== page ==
Zara Mohammed was 22 when she and her family fled from a Boko Haram attack with little else than the clothes on their backs.
Leaving the insecurity of Borno State behind, they made their way to the Federal Capital Territory (FCT) to seek refuge in the Durumi settlement for Internally Displaced Persons (IDPs).
Having fled from the reaches of the deadly fanatical group, Mrs Mohammed was glad to be able to offer her children a safe place to live, never imagining that they would still be living there six years later.
Sitting in the shade of a donated maternity ward, Mrs Mohammed told PREMIUM TIMES that she can no longer bear the dependence that living in Durumi has subjugated her to:
“I am tired of living here. I stay here because I have no choice,” she said despairingly.
Prior to leaving her local government area of Bama, Mrs Mohammed’s livelihood, like that of so many others in the North-East, depended on tilling the land.
Today, a lack of financial means has left her unable to afford the land she needs to farm. Instead, the family of five live off the goodwill of others and on the little that Mrs Mohammed’s husband can provide by selling tea.
“You cannot keep giving someone fish, but not teaching them how to fish,” the former teacher said in reference to living on handouts.
If the family were to have a small plot of land on which to farm, Mrs Mohammed believes they could regain their independence.
Though no official records exist, camp representatives say there are an estimated 19 settlements hosting thousands of IDPs in the federal capital, Abuja. PREMIUM TIMES visited several of these settlements and found widespread enthusiasm among the residents for resettlement on farmland in neighbouring Nasarawa State.
According to Chakule Lawal, chairman of the decrepit Malaysian Gardens settlement in Apo, the matter has been a topic of negotiation between IDP leaders and the National Commission for Refugees, Migrants and IDPs (NCFRMI) for several years.
“The former NCFRMI administration told us that they had negotiated with the Nasarawa State government to provide the IDPs with land to be resettled on,” he said.
The National IDP Secretary, Elisha Ezekiel, added that despite assurances of resettlement made by the former NCFRMI Commissioner, Sadiya Farouq, negotiations stalled for years and never yielded anything.
Mrs Farouq’s office was contacted several times to comment on these claims, but no reply was given. She is currently the Minister for Humanitarian Affairs and was replaced as Commissioner by Garba Mohammed in 2019.
The current Commission’s administration has said that the NCFRMI is working to resettle the IDPs sustainably on farmland in Nasarawa, but that the COVID-19 pandemic had “unsettled” proceedings. It is “high” on the “to do list for 2021”, it added.
However, when questioned on the matter, the Director-General of the FCT Emergency Management Agency (FEMA), Abbas Idriss, said that the refusal of IDPs to heed the government’s requests and relocate to official camps in the North-East means they are not recognised as internally displaced by the government and cannot be resettled in Nasarawa, as they desire, causing some confusion.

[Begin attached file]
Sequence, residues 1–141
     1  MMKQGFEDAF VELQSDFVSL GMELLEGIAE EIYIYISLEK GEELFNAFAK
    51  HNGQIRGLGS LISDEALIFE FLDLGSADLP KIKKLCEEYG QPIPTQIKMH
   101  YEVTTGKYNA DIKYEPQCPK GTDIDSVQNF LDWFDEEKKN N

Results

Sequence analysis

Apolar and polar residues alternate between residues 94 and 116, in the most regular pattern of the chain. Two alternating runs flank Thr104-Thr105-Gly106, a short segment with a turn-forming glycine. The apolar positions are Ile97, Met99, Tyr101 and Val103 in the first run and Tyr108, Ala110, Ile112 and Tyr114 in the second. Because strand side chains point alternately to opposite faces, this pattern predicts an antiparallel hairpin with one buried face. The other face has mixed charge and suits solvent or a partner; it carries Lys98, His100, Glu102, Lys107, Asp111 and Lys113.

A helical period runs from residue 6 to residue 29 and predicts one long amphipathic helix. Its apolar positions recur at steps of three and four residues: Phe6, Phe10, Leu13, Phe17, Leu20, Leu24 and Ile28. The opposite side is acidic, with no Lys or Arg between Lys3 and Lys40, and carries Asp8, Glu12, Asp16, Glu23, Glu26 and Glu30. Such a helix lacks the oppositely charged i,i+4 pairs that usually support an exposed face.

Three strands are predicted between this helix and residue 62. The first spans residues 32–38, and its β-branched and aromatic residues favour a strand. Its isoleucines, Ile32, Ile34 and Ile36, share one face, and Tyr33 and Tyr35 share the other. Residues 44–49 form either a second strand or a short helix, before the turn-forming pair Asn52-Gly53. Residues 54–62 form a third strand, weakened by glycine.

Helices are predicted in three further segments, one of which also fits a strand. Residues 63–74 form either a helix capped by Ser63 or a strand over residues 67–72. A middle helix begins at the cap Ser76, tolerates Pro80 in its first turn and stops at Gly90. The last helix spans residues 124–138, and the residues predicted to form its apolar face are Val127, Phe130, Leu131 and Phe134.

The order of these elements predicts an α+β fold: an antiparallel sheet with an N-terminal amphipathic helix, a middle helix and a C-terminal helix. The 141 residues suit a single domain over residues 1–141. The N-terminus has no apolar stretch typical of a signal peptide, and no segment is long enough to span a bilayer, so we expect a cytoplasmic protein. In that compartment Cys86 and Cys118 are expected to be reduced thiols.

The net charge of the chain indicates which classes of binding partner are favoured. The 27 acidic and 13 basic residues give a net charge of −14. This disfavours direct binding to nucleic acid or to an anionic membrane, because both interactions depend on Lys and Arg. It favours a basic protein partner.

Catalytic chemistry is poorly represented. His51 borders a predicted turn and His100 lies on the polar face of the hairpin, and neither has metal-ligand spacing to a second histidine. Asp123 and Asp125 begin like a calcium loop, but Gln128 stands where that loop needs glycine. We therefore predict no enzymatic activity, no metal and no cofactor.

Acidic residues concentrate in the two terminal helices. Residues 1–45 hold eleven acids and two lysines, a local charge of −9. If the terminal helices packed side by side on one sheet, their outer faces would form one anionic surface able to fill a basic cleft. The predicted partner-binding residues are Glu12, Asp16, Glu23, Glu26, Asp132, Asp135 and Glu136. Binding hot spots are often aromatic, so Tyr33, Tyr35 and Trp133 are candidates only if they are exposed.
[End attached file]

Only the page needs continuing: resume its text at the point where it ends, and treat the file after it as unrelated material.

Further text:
The IDPs themselves insist that “there is no place like home” but that life in the camps is not safe and would not offer them a means to their livelihood.
A dignified life
While visiting the Wassa settlement in 2019, the United Nations’ Special Rapporteur on the Human Rights of IDPs said that one way to empower IDPs is to integrate them into another part of the country, of their choosing.
Cecilia Jimenez-Damary’s comments echoed those made by Mr. Lawal, who argued: “IDPs do not want to depend on the government, we want to depend on ourselves.”
According to Luca Yathuma, Secretary of the New Kuchigoro settlement, those with the ability to do so have stopped waiting for government assistance.
“When we arrived in this camp, we were about 3,000, but the population has been reduced drastically as people went to Nasarawa to farm (on their own).” Fewer than 1,600 IDPs remain in New Kuchigoro.
However, he added, “it is not that we all choose to be farmers, but that it is the last choice. Your fathers and forefathers did it and it gives you food to eat. The problem is that (most) people do not have the skills to do business.”
Mr Yathuma believes that what people need are opportunities to build a dignified life and that farming has historically given northeasterners those opportunities. Nevertheless, he continued, if they have the skills many would choose other trades.
Sunday, a barber at New Kuchigoro, agreed: “Even if they give me land in Nasarawa, I will not go to farm,” preferring the comfort of his salon to the back breaking fields. Nevertheless, the desire remains the same – to be independent.
Access to livelihoods
Several representatives who spoke to the PREMIUM TIMES said that the FCT had previously attempted to provide IDPs with the means to self-susustainance, but claimed the attempts were ill-conceived – including a plan to relocate IDPs to land in Gwagwalada that had neither enough water or space to farm.
With no end in sight to the Boko Haram insurgency, a banner seen in the NCFRMI office suggests a solution to the plight of IDPs:
“Durable solutions are ‘achieved when IDPs no longer have specific assistance and protection needs that are linked to their displacement and such persons can enjoy their human rights without discrimination resulting from their displacement’”.
Listed as the human rights of IDPs are the “Restoration of land” and “Access to livelihoods”.
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